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Celebrity Splash

By Zhu Chong (朱冲)
Issue 615, April 15, 2013
Lifestyle, page 55
Translated by Liu Jingyue
Original article: [Chinese]

China currently dominates the highly-skilled sport of competitive diving and the country's divers, much like it's ping pong and badminton players, are expected to bring home gold every time they compete in the Olympics or world championships.

However, until recently, the sport was seen to be dwindling in popularity.

Now, a reality TV show featuring B-list celebrities learning to dive, has put the spring back in the country's spring board.

On a recent Saturday night, Beijinger Wang Hongya (王宏雅) sat down to watch an episode of Stars in Danger (星跳水立方), a reality show jointly produced by Zhejiang Satellite TV (浙江卫视) and Jiangsu Satellite TV (江苏卫视). It's the first time that Wang's watched a diving competition quite like this.

"Compared to the professional athletes, it doesn't really matter how they dive," says Wang.

"What's important is when sexy Korean star Chae Yeon (蔡妍) and the model Cica Chou (周韦彤) appear wearing a low-cut bikini on that springboard."

Wang explained that he never really got into diving before, "the Chinese always win, there's hardly any suspense. Besides the Chinese divers all look so serious."  

Diving Stares Off The Edge

Competitive diving is facing a difficult time in China, and members of the Chinese diving team are well aware of the challenges. For years they have been promoting the sport, but in vain.

Wu Mingxia (吴敏霞), one of China's best known female divers and a triple Olympic gold medal winner, admits that the task is tough.

"I've been trying to promote the sport, but it's not easy. Diving is all about skill and beauty," Wu told the EO.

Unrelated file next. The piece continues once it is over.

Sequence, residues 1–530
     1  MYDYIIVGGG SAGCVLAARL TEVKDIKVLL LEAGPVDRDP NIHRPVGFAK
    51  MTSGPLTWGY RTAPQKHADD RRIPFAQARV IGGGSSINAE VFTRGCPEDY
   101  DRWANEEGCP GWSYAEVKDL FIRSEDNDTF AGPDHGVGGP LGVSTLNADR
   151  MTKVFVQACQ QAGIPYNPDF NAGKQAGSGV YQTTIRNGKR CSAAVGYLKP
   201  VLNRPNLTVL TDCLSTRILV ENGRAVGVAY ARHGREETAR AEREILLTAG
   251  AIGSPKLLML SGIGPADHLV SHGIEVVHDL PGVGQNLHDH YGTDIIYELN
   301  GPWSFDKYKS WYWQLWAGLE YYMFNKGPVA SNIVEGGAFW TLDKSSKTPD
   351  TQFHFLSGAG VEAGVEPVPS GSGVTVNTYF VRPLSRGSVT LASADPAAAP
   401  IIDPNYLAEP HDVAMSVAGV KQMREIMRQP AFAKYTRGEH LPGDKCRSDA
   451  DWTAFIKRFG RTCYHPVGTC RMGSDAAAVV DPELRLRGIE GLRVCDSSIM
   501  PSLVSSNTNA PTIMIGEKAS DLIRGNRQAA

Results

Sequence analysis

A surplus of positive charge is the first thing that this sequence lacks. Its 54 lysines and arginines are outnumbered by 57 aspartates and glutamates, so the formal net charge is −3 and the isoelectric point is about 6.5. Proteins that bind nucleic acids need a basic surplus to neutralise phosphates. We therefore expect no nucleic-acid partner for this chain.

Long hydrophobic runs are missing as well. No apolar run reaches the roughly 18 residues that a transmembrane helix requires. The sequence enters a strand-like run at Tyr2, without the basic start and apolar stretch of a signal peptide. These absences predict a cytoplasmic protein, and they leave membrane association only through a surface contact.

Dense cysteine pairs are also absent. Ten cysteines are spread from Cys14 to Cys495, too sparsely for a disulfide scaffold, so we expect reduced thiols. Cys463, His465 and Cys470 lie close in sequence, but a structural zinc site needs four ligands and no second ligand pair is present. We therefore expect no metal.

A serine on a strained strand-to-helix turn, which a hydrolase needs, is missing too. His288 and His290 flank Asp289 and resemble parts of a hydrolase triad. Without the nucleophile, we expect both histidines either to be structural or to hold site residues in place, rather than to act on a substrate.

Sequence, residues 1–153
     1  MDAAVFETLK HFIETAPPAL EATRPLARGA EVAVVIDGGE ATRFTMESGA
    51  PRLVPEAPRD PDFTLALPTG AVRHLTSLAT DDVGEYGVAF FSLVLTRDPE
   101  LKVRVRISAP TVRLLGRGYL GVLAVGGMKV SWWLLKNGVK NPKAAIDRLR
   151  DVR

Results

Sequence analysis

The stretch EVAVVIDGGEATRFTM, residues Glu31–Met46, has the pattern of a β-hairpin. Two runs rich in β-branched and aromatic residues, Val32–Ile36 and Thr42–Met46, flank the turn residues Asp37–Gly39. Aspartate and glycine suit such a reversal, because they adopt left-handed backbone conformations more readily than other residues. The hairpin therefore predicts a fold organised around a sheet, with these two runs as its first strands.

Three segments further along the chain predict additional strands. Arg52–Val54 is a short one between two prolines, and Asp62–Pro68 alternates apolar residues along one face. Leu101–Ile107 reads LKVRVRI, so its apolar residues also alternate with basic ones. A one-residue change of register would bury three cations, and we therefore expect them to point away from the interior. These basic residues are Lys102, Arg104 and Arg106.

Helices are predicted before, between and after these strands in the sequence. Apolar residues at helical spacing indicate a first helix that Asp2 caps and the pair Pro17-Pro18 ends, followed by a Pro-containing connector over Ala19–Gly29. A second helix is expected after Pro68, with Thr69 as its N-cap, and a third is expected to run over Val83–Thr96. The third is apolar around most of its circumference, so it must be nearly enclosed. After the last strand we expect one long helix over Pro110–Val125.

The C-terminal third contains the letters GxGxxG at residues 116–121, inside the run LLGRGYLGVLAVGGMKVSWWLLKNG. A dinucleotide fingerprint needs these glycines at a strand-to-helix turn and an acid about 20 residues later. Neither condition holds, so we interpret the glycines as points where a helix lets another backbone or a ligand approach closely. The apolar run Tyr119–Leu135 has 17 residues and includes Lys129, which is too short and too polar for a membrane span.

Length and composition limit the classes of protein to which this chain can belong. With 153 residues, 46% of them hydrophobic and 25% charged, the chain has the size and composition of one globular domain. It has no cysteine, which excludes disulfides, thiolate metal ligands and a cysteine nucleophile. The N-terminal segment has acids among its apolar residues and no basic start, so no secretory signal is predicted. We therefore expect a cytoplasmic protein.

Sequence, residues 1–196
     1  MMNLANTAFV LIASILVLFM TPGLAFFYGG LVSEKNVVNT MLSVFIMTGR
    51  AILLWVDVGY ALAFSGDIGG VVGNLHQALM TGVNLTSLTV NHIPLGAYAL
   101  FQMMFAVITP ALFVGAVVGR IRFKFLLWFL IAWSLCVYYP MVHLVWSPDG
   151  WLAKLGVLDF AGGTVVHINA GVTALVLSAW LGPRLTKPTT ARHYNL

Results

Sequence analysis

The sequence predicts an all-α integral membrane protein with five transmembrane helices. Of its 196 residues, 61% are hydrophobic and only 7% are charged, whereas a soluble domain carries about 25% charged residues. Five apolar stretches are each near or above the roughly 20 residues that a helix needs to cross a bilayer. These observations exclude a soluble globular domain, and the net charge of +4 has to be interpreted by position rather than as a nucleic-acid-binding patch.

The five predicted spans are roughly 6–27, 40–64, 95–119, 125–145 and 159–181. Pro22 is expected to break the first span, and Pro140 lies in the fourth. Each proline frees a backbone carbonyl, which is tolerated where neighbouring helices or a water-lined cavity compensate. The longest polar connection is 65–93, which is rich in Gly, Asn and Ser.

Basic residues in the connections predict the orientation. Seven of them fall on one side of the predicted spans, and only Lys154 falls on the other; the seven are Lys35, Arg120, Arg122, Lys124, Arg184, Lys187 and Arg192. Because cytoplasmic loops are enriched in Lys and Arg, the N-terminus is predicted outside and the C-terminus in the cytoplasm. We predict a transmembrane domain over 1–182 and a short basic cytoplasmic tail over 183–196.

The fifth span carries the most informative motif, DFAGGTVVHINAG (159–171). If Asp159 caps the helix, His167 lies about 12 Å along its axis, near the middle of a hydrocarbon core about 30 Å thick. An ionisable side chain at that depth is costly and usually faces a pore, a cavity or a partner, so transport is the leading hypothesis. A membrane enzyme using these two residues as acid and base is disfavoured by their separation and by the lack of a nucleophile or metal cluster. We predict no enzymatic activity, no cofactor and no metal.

"However, there have been some subtle changes in the attitude of members of the national diving team in relation to making the sport more market friendly. For years, one of the heads of the team has been trying to add new elements into the sport, such as performance diving that incorporate humor ... but to tell you the truth, it's still hard."

What the Punters Want

Sha Yifeng (沙一峰), a sports marketing professional noted that the sports backers don't seem to know how to combine diving with entertainment. When an ordinary person watches a diving competition they just want to see the fine figures and courage of those well-known divers and get a laugh or two when they make mistakes.

The new TV show seems to back up Sha's statement. Audiences like to see people make mistakes and they also admire the courage of the participants.

Viewers loved it when the 66-year-old cross talk star Niu Qun (牛群) jumped from a five meter platform and almost landed on his back in the water. Similarly, audiences were also drawn in when singer Charlene Choi (蔡卓妍) injured her waist while hitting the water in the wrong posture, or when Super Junior member Han Geng (韩庚) passed out during one of the rehearsals.

Show Spurs New Interest in Diving

One week after the show went to air, Beijing's Water Cube, the venue for the 2008 Summer Olympics swimming and diving events, got more than 100 phone calls from people interested in taking diving courses.  

While some are worried that diving might be dangerous, Yu Fen (于芬), the former coach of Chinese diving team says that with improving training skills and protection measures, the risk of getting injured while diving have been minimized.   

Ms. Yu also said that most big cities in China have diving facilities that are open to the public. From her experience, Yu says that although many people are afraid of heights, they're still attracted by the thrill of it. That's how diving became popular in the first place.


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